Companies that reward employees with ownership stakes have an edge over those that don't, according to a new study of nearly 57,000 companies around the world.
Employee ownership, including defined-contribution plans with substantial holdings in the employer's stock, profit-sharing policies and stock-bonus programs, can boost corporate profits by as much as 4%, says Ernest O'Boyle, a professor of management and organizations at the University of Iowa and co-author of Employee Ownership and Firm Performance: A Meta-Analysis, a paper published in the Human Resources Management Journal.
"The consistency of the effect really surprised me," Dr. O'Boyle says. "Although the effect is small, it's pretty darn robust."
"Our results suggest that a firm with $1 million in profits could realize an increase of $40,000," the authors conclude.
The study is the first of its kind in more than two decades, and one of the few analyses to illustrate that worker ownership can have "a small, but positive and statistically significant relation to firm performance," the authors write.
Dr. O'Boyle and his colleagues didn't set out to determine why the performance edge exists. In the paper, they call for future studies to assess "the large, unexplored black box" of what the authors have dubbed "shared capitalism."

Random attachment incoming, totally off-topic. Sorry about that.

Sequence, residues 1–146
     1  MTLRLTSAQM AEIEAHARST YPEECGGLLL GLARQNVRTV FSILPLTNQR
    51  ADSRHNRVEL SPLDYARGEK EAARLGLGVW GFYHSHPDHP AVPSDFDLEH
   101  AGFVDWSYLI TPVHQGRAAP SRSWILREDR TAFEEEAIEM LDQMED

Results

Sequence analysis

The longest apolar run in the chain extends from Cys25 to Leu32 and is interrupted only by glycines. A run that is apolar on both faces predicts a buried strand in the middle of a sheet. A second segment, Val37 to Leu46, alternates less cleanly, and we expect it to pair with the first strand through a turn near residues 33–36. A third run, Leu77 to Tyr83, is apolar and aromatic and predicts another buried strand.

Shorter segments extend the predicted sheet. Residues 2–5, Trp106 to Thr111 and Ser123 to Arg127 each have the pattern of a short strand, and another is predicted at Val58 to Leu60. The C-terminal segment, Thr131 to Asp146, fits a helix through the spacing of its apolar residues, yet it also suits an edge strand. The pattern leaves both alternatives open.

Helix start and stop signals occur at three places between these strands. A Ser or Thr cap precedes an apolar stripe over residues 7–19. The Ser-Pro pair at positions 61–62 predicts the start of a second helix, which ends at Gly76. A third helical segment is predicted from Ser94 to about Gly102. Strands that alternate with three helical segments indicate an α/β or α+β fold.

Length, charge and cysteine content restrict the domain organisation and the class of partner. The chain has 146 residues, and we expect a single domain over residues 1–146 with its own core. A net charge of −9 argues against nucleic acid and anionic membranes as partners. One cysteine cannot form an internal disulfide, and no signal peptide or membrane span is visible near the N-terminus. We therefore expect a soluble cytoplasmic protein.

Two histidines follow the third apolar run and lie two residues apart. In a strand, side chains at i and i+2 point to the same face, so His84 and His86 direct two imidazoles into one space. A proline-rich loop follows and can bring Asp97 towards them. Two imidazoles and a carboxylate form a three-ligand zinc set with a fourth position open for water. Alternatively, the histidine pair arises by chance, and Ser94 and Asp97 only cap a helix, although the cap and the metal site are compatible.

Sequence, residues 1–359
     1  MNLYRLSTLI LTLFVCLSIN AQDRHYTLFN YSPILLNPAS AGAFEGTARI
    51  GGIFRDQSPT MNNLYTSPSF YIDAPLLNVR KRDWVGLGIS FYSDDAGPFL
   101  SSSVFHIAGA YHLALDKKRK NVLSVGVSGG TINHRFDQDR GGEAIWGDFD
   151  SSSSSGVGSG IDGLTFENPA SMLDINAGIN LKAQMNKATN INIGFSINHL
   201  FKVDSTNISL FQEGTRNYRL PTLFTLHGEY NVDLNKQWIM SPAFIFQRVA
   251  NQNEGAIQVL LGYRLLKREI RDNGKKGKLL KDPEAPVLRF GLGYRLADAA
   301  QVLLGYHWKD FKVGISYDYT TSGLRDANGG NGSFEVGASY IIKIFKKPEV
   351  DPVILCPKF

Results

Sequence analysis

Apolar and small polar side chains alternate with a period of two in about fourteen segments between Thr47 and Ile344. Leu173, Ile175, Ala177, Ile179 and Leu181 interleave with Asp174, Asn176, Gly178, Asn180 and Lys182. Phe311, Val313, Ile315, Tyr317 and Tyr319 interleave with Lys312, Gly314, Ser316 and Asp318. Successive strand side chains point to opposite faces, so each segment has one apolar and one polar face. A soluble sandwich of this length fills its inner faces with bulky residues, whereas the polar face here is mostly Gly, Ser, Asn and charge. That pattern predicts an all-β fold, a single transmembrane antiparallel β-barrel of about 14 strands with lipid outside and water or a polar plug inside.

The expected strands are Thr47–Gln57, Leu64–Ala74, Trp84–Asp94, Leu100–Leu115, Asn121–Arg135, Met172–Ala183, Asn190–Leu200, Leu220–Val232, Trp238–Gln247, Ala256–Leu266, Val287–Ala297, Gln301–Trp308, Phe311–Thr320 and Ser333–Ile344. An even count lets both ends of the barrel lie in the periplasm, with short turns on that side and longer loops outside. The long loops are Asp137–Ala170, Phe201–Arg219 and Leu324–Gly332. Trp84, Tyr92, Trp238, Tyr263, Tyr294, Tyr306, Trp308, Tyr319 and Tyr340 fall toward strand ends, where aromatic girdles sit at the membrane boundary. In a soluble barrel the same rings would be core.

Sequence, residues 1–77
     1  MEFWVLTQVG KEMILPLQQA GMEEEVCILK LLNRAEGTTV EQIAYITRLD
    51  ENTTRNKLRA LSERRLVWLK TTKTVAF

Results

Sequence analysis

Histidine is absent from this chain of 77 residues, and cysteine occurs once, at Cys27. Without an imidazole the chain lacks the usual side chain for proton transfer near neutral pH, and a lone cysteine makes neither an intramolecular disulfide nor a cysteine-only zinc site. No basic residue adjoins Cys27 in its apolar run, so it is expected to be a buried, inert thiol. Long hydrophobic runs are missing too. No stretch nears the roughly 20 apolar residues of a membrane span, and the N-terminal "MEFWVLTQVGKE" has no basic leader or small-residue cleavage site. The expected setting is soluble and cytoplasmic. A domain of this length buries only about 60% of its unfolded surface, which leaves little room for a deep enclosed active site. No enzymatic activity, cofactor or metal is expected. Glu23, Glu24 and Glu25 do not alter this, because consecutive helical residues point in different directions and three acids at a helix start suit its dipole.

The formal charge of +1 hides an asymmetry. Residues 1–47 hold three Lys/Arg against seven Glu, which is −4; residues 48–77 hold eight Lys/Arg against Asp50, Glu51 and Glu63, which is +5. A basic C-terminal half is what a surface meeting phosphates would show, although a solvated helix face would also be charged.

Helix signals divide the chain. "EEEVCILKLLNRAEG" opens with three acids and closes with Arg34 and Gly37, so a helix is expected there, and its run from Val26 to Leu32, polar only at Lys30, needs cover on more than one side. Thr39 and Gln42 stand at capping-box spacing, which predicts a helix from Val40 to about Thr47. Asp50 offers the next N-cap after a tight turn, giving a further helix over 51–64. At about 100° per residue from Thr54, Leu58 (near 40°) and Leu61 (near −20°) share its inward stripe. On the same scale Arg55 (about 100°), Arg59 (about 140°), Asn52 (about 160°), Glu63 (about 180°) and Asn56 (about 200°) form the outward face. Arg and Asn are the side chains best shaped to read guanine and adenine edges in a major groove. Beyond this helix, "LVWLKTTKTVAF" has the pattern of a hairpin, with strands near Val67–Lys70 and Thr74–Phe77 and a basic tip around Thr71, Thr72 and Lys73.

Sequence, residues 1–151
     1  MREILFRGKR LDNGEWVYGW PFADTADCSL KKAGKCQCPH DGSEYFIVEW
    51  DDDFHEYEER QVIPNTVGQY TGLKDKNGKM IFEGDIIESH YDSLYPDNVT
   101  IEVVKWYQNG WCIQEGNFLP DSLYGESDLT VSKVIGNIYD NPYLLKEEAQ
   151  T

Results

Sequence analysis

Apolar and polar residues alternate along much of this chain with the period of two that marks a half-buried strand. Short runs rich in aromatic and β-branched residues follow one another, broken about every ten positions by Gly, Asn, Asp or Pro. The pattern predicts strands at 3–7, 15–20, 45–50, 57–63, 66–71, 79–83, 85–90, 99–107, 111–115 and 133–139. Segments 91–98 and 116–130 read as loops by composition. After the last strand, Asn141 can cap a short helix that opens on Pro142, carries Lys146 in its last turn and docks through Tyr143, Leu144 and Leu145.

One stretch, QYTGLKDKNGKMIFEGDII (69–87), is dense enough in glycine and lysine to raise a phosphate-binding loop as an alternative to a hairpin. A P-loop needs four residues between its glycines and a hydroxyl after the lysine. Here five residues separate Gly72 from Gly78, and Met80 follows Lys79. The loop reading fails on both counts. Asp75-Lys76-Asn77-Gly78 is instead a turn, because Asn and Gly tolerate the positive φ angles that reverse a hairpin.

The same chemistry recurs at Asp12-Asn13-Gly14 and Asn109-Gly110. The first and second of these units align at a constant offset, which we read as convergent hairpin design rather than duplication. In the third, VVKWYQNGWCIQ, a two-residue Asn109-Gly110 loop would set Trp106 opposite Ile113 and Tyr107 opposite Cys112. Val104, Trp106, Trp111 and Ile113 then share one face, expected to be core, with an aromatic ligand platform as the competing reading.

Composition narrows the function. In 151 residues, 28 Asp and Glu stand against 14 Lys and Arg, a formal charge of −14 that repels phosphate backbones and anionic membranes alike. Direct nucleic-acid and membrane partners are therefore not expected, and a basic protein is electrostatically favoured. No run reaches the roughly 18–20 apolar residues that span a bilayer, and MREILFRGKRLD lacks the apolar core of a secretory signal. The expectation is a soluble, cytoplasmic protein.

Some 32 million Americans participate in an employee-ownership program, according to the National Center for Employee Ownership. The NCEO's national survey data show 19.5% of U.S. private-sector employees reported owning stock or stock options in their companies in 2014, down slightly from 21.2% in 2002.
Of the many companies that offer workers ownership stakes, few can claim to be majority-owned by employees. With its 182,500 employees, Lakeland, Fla.-based Publix Super Markets is the nation's largest employee-owned company. The next two largest—Eden Prairie, Minnesota-based photography company, Lifetouch and Springfield, Missouri-based staffing firm—have far fewer employees, with 21,000 and 20,420, respectively.
For decades, business leaders and academics have debated the merits of employee-ownership programs. Supporters have argued that workers are more diligent and productive when they own a piece of the business. Detractors, however, have claimed ownership makes employees averse to risk and leads to shirking of responsibilities.
Meanwhile, research into the bottom-line benefits of such plans had been inconclusive—until now.
Dr. O'Boyle warns that employee ownership isn't a panacea for all that ails a company—or even a solution for weak employee morale. "If you're Eastman Kodak in the ‘80s, you're still going down," he says.